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Allergic skin disease in dogs

I was looking up stay sutures this morning, but came across this quick and dirty summary of allergic skin disease management for dogs. We also call it atopic dermatitis, if you are looking for the medical terminology.

It’s written by The Derm Vet, and if you aren’t aware of Dr. Ashley Bourgeois, check out her Instagram and podcast.

As the article says, it is not a one size fits all treatment protocol for allergic skin disease in dogs.

It can be one of the most frustrating things for pet owners because it is not always easy to manage, nor is it inexpensive. But when you get a dedicated owner it can be one of the most rewarding outcomes. My most memorable was an owner coming in for a QOL (quality of life) discussion asking me if she should put her dog down because he was suffering. Six months later the owner tells me I am the dog’s godmother. I saved his life.

He was the saddest little white foo-foo with severe redness, lichenification and crusting from the tips of his toes to the hocks and elbows. He was bleeding in his skin folds. He just lay on the exam table while I scrubbed the crusts out from between his toes. We agreed to a short course of steroids because it was this or a dose of euthanyl. I managed to talk the owner into trying Cytopoint, despite its expensive price tag. Then the owner was diligent with shampooing daily. I love the Douxo Pyo products for the pro-ceramide in it. But also use the DermaChlor 4% chlorhexidine shampoo, and the DermaChlor conditioner spray for spot treating. The key is contact time. Everyone should know now in the days of COVID, you need to have the soap on your hands for a minimum amount of time to address any infectious organisms. The owners need to lather up those problem spots and then set a timer for 5 to 10 minutes before rinsing. Do not forget to dry them thoroughly! Yeast and bacteria love a warm moist environment!

The last time I saw my ‘God son’ he was in a stroller, tail-wagging, coming in happily for his Cytopoint booster. He looked white and fluffy, no longer red and greasy.

If you are a pet owner with an atopic dog. My sincerest condolences. You are not alone!!

The key is to understand that it is multimodal therapy.

To the veterinary students. The one thing that I need to say is… do not try one thing, and then tell the owner to come back if it doesn’t work. Start with multimodal therapy and wean down or off the ones that aren’t needed.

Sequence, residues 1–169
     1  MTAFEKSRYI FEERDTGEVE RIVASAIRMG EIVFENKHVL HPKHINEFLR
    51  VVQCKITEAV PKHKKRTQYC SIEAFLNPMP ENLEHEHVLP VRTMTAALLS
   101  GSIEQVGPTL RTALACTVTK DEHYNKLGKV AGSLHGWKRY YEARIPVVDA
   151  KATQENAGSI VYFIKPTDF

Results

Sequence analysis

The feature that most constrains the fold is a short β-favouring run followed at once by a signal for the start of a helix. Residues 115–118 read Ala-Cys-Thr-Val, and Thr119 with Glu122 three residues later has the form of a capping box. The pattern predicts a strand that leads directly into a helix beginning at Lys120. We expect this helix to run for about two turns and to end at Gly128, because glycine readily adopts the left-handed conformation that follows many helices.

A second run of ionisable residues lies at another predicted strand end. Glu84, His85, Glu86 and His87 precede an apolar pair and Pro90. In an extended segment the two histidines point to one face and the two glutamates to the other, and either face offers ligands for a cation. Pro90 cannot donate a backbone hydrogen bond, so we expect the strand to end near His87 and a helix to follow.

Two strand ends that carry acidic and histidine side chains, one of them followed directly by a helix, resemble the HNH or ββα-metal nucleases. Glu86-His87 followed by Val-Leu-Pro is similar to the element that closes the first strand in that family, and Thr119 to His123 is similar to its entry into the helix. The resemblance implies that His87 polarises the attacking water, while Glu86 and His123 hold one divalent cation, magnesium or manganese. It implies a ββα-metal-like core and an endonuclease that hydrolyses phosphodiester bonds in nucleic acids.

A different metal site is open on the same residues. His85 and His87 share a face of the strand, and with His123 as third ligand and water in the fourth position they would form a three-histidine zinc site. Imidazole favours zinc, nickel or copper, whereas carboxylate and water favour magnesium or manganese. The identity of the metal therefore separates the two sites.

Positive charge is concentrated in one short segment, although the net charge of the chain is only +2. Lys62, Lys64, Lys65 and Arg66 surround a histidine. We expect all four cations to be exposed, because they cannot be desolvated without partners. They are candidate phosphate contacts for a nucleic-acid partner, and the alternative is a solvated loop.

1) Control the itch. This is a vicious cycle. Itchy skin leads to the break down of a healthy skin barrier, more allergens, bacteria and yeast move and penetrate this barrier causing more cytokine release from inflammatory cells. More inflammation and itchy skin. Repeat. I have seen allergy tests for dogs where they are allergic to Malassezia, a yeast organism that naturally occurs on the skin. We need to break that itchiness pathway to give the skin time to heal. Even if you can get the owner to commit to a short course of Apoquel. Yes, there are other less expensive options. You just need to ensure that the owner is aware of the risks and side effects of your prescriptions.

2) Treat the infections. While you may want cytology to confirm infection, using topical 3-4% chlorhexidine is helpful for those crusting pyodermas. I like topicals if the owner can do it. Then I know I’m being diligent with my antimicrobial use. In severe cases, or cases where the owner just cannot bathe the tail crusting off their angry maltese cross, I have prescribed a first-generation cephalosporin. The last thing the dog needs is a multi-drug resistant bacteria.

3) Rule out fleas and mites. Even if you cannot see fleas, they may be allergic to the saliva in a fleas mouth. Skin scrape, cytology, treat accordingly.

4) Diet. I have clients fight me on this one. This is the hardest one for me to convince owners on. They have read on X forum that kibble is bad. They have read on such and such blog that raw is better. When I ask dog owners the reasoning behind their decision for raw #1 is allergies, #2 they thought it was healthier. The one thing that I can convince them on however is increasing the DHA/EPA content of what their dog consumes. Omega 3 fatty acids, fish oils (not flax) are both anti-inflammatory and help improve the phospholipid bilayer of the skin. It should be given at a higher dose than is provided in commercial dog food diets. The veterinary prescribed skin diets are meant to have these in higher levels. There are a lot of products out there. I usually use Eiocosaderm which comes with a convenient pump. I have seen a lot of recommendations on the Nordic Pet Omega product as well. Check for quality control. We want low heavy metals/mercury and toxins. You do want to check for concurrent food allergy. You cannot use a raw diet as an elimination diet, but you can use a home cooked elimination diet. Try looking at the recipes on go to the EZ balancer for vet patients and select skin conditions. Try a pork based diet as it seems to be one of the least allergenic proteins.

The page should look like this…

Just let the owners know that they will have to send your clinic a request for approval. Then you can log in, adjust the calories that the pet should be consuming, and approve the supplements.

As always, the opinions in this blog are my own! I do not benefit from any of my product recommendations in this post. They are for your knowledge and for you to understand the wide array of treatment plans to address atopic dermatitis.

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